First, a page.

Science and Environment

International cooperation needed to lessen climate’s impact on workers

The Philippine Star

MANILA, Philippines – The Philippines has called for stronger international cooperation to ensure the welfare of workers and ensure labor productivity as they face the impacts of climate change.

The call was made during a High-Level Dialogue on Climate Change and Labor, which the Philippines, as president of the Climate Vulnerable Forum (CVF), led last June 8 on the margins of the 105th Session of the International Labor Conference (ILC) in order to draw attention to the often-overlooked link between climate change and labor.

The Philippines said climate change continued to put vulnerable sectors like those in agriculture and construction at greater risk from heat exposure and threatens overall productivity due to shorter viable working hours.

“The repercussion of climate change on decent work is enormous as we increasingly realize that those most at risk are engaged in the lowest-bracket work and are therefore the most susceptible to extreme poverty,” said Labor Secretary Rosalinda Baldoz, head of Philippine delegation to the ILC.

Baldoz shared the experience of the Philippines in addressing the impacts of climate change in the labor sector. The Department of Labor and Employment (DOLE) was named as an ex-officio member of the Climate Change Commission, ensuring that labor concerns were an integral part of climate change strategies. 

The Philippines was also one of three pilot countries to apply the 2015 guidelines of the International Labor Organization (ILO) on just transition to environmentally sustainable economies and societies, which aimed to support the development of green enterprises and jobs and identify new occupational and safety health hazards in the shift to green production.

She enumerated other initiatives, such as the Green My Enterprise training program wherein more than 1,800 enterprises had received assistance toward improved workplace safety and lower greenhouse gas emission; the Productivity Olympics that recognized companies promoting green practices; the revision of the advisory on measures to address increasing workplace heat; and the new Labor Law Compliance System that mandated officers not only to monitor compliance but also to provide assistance and advice on labor standards and risks, including those brought about by extreme weather events.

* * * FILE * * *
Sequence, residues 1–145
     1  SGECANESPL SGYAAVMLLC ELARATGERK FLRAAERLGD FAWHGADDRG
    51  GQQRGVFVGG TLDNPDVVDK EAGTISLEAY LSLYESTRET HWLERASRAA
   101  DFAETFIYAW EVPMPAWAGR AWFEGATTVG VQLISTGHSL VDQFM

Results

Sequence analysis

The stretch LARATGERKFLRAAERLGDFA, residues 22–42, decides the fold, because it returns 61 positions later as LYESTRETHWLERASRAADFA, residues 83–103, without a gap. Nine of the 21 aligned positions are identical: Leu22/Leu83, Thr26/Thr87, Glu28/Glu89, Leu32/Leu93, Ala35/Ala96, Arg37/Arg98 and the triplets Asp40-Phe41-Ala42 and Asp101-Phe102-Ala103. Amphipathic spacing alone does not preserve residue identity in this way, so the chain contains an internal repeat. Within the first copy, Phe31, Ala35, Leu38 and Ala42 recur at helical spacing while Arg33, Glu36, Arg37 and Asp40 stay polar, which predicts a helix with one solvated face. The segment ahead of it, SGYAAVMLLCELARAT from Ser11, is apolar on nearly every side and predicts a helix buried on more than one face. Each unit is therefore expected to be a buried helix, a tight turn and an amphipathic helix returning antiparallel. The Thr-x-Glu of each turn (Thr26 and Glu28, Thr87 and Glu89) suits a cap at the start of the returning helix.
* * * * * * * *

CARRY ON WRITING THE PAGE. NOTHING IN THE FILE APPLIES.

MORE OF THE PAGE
The secretary also expressed support for efforts to review international labor standards in order to take climate change into account, committed to continue exchanging best practices with other stakeholders on climate change, and supported initiatives to help make climate change an agenda in future discussions of the ILO.

Carlos Alvarado, Minister of Labor of Costa Rica, highlighted how the issue on labor and climate change started as a health issue in his country after receiving reports that many workers exposed to extreme heat developed kidney problems. Meanwhile, the representatives from labor unions called for greater protection for workers as many industries became increasingly affected by climate change.

The IOE expressed similar concern as rising sea levels affected the shorelines of small island states whose main industry related to tourism, and as responses continued to evolve in order to address the issue of reduced productivity resulting from extreme heat.

Some 70 participants took part in the event, with representatives from other Permanent Missions to the United Nations in Geneva and from international organizations like the International Labor Organization, the World Health Organization, the International Organization for Migration, and the UN Development Program.

“Because climate change affects all sectors, the Philippines hopes to help bring the discussion on climate change into other related forums,” said Ambassador Cecilia Rebong, permanent representative of the Philippines to the UN and other international organizations in Geneva.             

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